"Self Sufficiency" - is, according to the dictionary; "able to supply one's own needs without external assistance", or "having extreme confidence in one's own resources, powers, etc."

For us, it’s a mantra, a goal. A song sung by the homestead and back-to-the-land movements. It means to us, in essence, to remove your dependency from the clutches of the corporate system of grocery stores and nine-to-fives and to rely more on what you can produce in your own backyard and in your kitchen. It has a rather wide meaning and really any level of this “self-sufficiency “ is celebrate-able, in my opinion.

But honestly I don’t like the term at all. I mean, aren’t we, in our Christian walk, supposed to be killing “self”? Turning away from self and becoming LESS self-sufficient?

I’d rather be Christ-sufficient. I know I’m not at this moment, at least not as much as I’d like to be.  I think that should be my goal.



As I’ve said countless times, planting a garden is not really all there is to it. Planting prayer, and faith, and hope in Him is what we should be doing. Putting a seed in the ground and “May YOUR Will be done.”, and knowing that God grows things. God makes things productive. The doing is ours, the done is God’s. Our job is to work hard in season, and to have faith in God's promises us-ward.

"So then neither is he that planteth any thing, neither he that watereth; but God that giveth the increase." 1 Corinthians 3:7

When I was little I asked my Dad, in pure childish doubtfulness, why God didn’t really seem to perform miracles anymore.  He pointed at the apple tree outside my bedroom window, which was covered in little green baby apples. He said, “That’s a miracle.” I was dubious. He continued. “It’s not only a miracle that that tree has produced a fruit that is good and wholesome and enjoyable for us to eat, something that is truly amazing in itself, but why didn’t that tree produce peaches? Or apricots? Who or what made it produce apples? Christ did.” I know it doesn’t seem so amazing when I retell it here today but I was so struck, and it changed my thinking so drastically. Because why in the world do we just EXPECT an apple tree to produce apples? Just because we call it an apple tree? Or why does a seed in the ground so amazingly sprout and do such wondrous things as grow and thrive and make squash? I never want to lose that way of thinking. I want to be so awed by God’s amazing work and have a childlike appreciation of the smallest things. May God never let me lose that appreciation, that amazement He instilled in such a young me. I want to see His miracles everywhere I look.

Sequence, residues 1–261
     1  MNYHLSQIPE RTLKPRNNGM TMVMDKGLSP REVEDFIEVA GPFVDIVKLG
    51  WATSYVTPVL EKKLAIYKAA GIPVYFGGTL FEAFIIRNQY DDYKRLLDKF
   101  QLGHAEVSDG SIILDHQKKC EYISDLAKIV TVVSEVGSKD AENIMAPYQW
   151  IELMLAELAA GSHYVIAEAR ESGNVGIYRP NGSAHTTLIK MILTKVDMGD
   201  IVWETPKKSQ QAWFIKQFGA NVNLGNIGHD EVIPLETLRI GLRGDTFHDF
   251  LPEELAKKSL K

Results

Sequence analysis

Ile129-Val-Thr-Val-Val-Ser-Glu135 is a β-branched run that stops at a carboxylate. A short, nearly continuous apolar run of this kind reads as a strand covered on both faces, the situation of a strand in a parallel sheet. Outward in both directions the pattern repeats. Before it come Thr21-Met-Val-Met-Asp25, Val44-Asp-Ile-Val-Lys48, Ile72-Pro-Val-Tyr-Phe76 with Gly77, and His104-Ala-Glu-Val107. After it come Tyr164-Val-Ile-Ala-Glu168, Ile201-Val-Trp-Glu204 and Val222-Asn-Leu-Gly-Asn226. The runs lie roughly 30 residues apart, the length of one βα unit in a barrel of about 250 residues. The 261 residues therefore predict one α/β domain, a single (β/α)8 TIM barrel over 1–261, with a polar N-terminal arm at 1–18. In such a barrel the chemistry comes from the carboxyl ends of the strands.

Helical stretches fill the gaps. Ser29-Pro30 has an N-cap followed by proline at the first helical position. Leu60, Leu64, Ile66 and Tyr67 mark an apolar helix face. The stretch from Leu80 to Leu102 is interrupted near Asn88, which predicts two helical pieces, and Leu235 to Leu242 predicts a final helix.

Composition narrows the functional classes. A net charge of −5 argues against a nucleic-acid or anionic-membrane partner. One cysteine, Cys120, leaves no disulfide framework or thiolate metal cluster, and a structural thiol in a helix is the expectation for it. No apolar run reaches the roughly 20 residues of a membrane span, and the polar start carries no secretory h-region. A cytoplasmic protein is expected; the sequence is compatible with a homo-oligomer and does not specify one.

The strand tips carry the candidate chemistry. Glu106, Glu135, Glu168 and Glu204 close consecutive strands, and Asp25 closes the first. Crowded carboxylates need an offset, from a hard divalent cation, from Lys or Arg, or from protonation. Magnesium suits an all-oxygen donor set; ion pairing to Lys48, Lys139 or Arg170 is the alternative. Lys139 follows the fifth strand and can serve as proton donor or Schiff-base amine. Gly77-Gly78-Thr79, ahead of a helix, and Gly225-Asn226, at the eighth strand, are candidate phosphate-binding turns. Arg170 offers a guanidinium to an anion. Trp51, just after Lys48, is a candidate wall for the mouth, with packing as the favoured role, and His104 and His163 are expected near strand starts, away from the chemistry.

A hail-damaged strawberry transplant that blossomed anyways. :)
So I’d like to propose that we change our way of speaking when it comes to describing what we are doing out there in the wee hours, down in the dirt and in the barns. I’d like to say that I am not working to be less dependent (although I know this is true in a sense), I’d like to say that I am becoming MORE dependent. Dependent on His Grace, His Mercy, on Him. Because I think by pulling our stake out of the world, by telling the world that we don’t need their lifestyle to survive, that we are casting ourselves completely on the mercy of Christ. And this doesn’t just mean praising Him when the crops come in and the milk is sweet and the fences miraculously stay together. This also means kissing the rod when the rain doesn’t fall and the lightning strikes and the cheese is a weird pile of something we don’t even want to taste. To say,“Not MY Will, Lord, but YOURS be done.” 

"Although the fig tree shall not blossom, neither shall fruit be in the vines; the labour of the olive shall fail, and the fields shall yield no meat; the flock shall be cut off from the fold, and there shall be no herd in the stalls:Yet I will rejoice in the Lord, I will joy in the God of my salvation." Habakkuk 3:17-18

I believe by taking away the hum of the city and the insurance of the corner groceries, we are making ourselves more vulnerable to Christ and what he would have of us. We can hear Him out here. We are completely open to the voice of Our Saviour, and may we praise Him for his work in us, no matter the method.  

May he make me more Christ-sufficient day by day. May my ‘self’ die and may Christ be glorified by our work out here in the middle of Texas Hill Country, according to His perfect Will.  May He be glorified by His work in us, and may He be daily more evident to us in the small things.

"And he said unto me, My grace is sufficient for thee: for my strength is made perfect in weakness. Most gladly therefore will I rather glory in my infirmities, that the power of Christ may rest upon me." 2 Corinthians 12:9


Tracy M